GP: I think anybody who is concerned about our security and the security of our allies like Israel, when they take a look at this, is going to say it needs to be revoked.
HH: Now Governor Pataki, next hour, I’m going to talk with Michelle Ye Hee Lee, reporter of the Washington Post, who today gave three Pinocchios to Lindsey Graham and Scott Walker for their comments about U.S. naval strength. And I’m going to challenge her on that article, because I believe their comments are accurate. They’re not arguing for a 600 ship Navy as Ronald Reagan had. They’re arguing for a dramatic increase in naval strength. What do you think on that issue? And do you think people who are worried about the 273 ship Navy that we have right now deserve three Pinocchios?
GP: Not at all. I think our Navy, it’s just emblematic of what has happened under this President. And I think our Navy is not what it should be. It’s not just the number of ships. It’s the aging nature of many of those ships. And you know, I’m a great believer in the need to dramatically reduce and scale back the size and the cost of the government in Washington. But I’m also a believer that we have to invest more in our military going forward, more in things like the next generation of technology, more ships, more troops, and it’s the one area, or one of the only areas where I would recommend increasing government spending, not less.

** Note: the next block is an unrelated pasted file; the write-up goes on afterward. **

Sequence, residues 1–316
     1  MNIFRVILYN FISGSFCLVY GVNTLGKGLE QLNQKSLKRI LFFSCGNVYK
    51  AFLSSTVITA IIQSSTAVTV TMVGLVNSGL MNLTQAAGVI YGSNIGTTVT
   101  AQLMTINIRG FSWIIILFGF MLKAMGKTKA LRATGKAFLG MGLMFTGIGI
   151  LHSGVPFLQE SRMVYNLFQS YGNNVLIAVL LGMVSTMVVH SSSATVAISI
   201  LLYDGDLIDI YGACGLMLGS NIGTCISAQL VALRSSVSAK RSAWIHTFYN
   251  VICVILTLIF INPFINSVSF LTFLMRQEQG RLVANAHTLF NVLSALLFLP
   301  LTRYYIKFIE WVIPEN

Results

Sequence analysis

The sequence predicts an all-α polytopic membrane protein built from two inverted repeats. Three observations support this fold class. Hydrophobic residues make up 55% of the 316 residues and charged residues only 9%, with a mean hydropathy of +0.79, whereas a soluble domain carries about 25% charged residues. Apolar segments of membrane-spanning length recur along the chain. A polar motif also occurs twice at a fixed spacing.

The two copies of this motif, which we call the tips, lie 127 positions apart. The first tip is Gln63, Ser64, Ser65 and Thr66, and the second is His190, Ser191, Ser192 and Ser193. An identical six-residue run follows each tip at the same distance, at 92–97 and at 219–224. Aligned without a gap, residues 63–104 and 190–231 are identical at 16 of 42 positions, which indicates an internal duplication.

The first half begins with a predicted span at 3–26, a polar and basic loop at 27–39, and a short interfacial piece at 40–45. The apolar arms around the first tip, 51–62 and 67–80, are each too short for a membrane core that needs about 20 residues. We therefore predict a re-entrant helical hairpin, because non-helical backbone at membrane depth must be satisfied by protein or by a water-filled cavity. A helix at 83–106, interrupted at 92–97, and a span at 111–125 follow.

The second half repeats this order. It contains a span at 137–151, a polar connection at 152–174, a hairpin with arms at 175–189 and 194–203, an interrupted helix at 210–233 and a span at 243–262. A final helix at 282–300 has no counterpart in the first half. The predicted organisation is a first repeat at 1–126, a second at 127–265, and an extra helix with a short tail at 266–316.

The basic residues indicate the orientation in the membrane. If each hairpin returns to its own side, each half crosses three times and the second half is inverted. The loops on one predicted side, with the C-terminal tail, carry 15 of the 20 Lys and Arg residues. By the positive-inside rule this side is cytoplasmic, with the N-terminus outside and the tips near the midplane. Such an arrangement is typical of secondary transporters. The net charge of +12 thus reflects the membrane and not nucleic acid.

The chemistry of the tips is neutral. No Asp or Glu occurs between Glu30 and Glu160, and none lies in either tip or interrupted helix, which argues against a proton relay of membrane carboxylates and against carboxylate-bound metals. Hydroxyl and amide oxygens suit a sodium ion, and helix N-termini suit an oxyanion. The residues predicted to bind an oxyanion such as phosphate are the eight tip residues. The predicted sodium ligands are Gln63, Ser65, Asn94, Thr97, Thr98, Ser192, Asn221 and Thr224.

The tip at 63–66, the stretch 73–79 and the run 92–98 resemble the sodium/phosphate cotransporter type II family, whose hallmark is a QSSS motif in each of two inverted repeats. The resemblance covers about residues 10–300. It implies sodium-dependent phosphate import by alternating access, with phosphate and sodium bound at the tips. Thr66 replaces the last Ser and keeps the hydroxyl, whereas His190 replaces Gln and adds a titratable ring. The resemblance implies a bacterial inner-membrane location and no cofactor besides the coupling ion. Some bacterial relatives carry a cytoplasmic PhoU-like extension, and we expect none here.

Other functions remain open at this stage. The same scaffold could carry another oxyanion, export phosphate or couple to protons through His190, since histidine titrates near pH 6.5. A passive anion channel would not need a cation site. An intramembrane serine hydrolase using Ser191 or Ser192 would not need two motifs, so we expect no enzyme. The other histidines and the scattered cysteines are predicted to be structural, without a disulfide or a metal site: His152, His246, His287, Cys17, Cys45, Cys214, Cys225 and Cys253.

HH: Governor Pataki, there are two particular kinds of ships which are emblematic of our international ability to project force. One is the aircraft carrier and the other is the ballistic submarine. We have currently ten aircraft carrier groups that surround them. We’re supposed to be at eleven. Heritage says we should be at thirteen. Chuck Hagel talked about taking it down to eight. And we have the Ohio Class submarine, which Ronald Reagan commissioned, and we got up to I think a couple dozen of them. We’re down to 18 now, and they’re all going to be out by 2030. What do you think about those particular categories of ships and where the United States has to be vis-à-vis carriers and ballistic submarines or the Ohio Class sub?